With 3.7 billion video ads served, the combined AOL-Adap.tv has landed atop comScore's September 2013 U.S. Online Video Rankings. (see chart below) It's the first time that AOL has outranked Google (primarily YouTube), which dropped to second with 3.2 billion video ads served. On its own in August, Adap.tv served over 2.5 billion video ads. AOL-Adap.tv was also tops in total ad minutes in September with over 1.6 billion, followed by BrightRoll with nearly 1.3 billion.
AOL has scored a huge coup with a deal announced today to syndicate ESPN video content across its owned-and-operated sites, plus its distribution network of 1,700 publisher sites. ESPN video in AOL will be accessible on desktops, smartphones, tablets and connected TV devices.
Importantly, the deal underscores the allure of online video syndication. By choosing to syndicate through AOL, ESPN concluded - despite its already formidable presence as the top-ranked sports property online - that AOL's distribution network could provide still further online reach and monetization potential. That's no small statement, and it is a testament to both AOL's video growth over the past several years and to the strength of the "Syndicated Video Economy" concept I began talking about back in 2008.
I'm pleased to present the 197th edition of the VideoNuze podcast with my weekly partner Colin Dixon of nScreenMedia. At Advertising Week this week in NYC, the dominant theme I heard about was programmatic video advertising. Though it's an important and growing part of the larger video advertising space, it's still early days, so even the very definition of "programmatic" doesn't seem to have clear consensus.
In this week's podcast I explain the 3 main elements of programmatic as I understand them: automating certain buy/sell processes, using data to improve targeting and optimize yield/ROI, and using dynamic pricing models like real-time bidding. Depending on who you talk to, programmatic can refer to one or more of these elements.
One of the key topics of the week was how programmatic can be used by "premium" video content providers/publishers. In the podcast I also discuss this in-depth. I'm personally continuing to get my head around programmatic, so if I've misstated or mischaracterized anything, let me know and/or leave a comment!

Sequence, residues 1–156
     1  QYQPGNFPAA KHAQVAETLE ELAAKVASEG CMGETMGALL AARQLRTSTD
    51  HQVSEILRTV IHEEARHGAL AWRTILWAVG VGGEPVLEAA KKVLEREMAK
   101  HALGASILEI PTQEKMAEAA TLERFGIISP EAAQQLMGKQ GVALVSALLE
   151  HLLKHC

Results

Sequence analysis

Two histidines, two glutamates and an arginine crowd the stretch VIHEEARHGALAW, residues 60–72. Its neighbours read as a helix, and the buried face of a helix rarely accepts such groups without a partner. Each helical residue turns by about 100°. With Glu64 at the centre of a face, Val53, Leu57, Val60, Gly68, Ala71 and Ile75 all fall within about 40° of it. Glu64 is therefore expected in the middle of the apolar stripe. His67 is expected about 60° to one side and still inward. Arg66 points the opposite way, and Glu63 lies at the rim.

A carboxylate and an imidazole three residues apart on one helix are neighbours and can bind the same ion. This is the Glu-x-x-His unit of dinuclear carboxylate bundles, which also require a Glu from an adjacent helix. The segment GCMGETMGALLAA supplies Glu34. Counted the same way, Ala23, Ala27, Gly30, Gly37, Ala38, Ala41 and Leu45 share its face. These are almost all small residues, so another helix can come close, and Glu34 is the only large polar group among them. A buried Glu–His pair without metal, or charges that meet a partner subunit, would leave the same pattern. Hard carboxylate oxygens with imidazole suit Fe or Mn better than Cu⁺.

Click here to listen to the podcast (19 minutes, 22 seconds)
AOL held its first "Programmatic Upfront" tonight, bringing together a packed house of agencies and brands to hear multiple executives and guest speakers pound home a double message that data and automation are poised to revolutionize advertising, just as they have done on Wall Street. From a purely news standpoint, AOL announced 3 specific things:
1. Clients will be able to buy reserved premium AOL inventory programmatically through the company's AdLearn Open Platform (AOP) beginning January 1, 2014.
2. Major agencies including Accuen, Amnet, Havas Media, Horizon Media and Magna Global have all made programmatic commitments for 2014 (sizes not disclosed), with DigitasLBi, Razorfish and VivaKi considering.
3. New features in AOP including real-time bidding through private marketplaces, cross-screen inventory buying with frequency and optimization, and availability of all ad units for programmatic buying.
I'm pleased to present the 191st edition of the VideoNuze podcast with my weekly partner Colin Dixon of nScreenMedia.
This was a big week for online video advertising, with 3 key milestones: AOL's acquisition of Adap.tv for $405 million (the biggest of CEO Tim Armstrong's tenure), YuMe's IPO, and Tremor Video reporting solid 2nd quarter results, in its first quarter as a public company.
As I explained earlier this week, the success of AOL-Adap.tv is riding on 3 key market trends, the shift from linear TV style viewing to anywhere/anytime/any device viewing, the democratization of video production and distribution which has led to a plethora of online originals, and the influence of technology in the ad buying/selling process. AOL is seeking to capitalize on all this through Adap.tv's programmatic platform.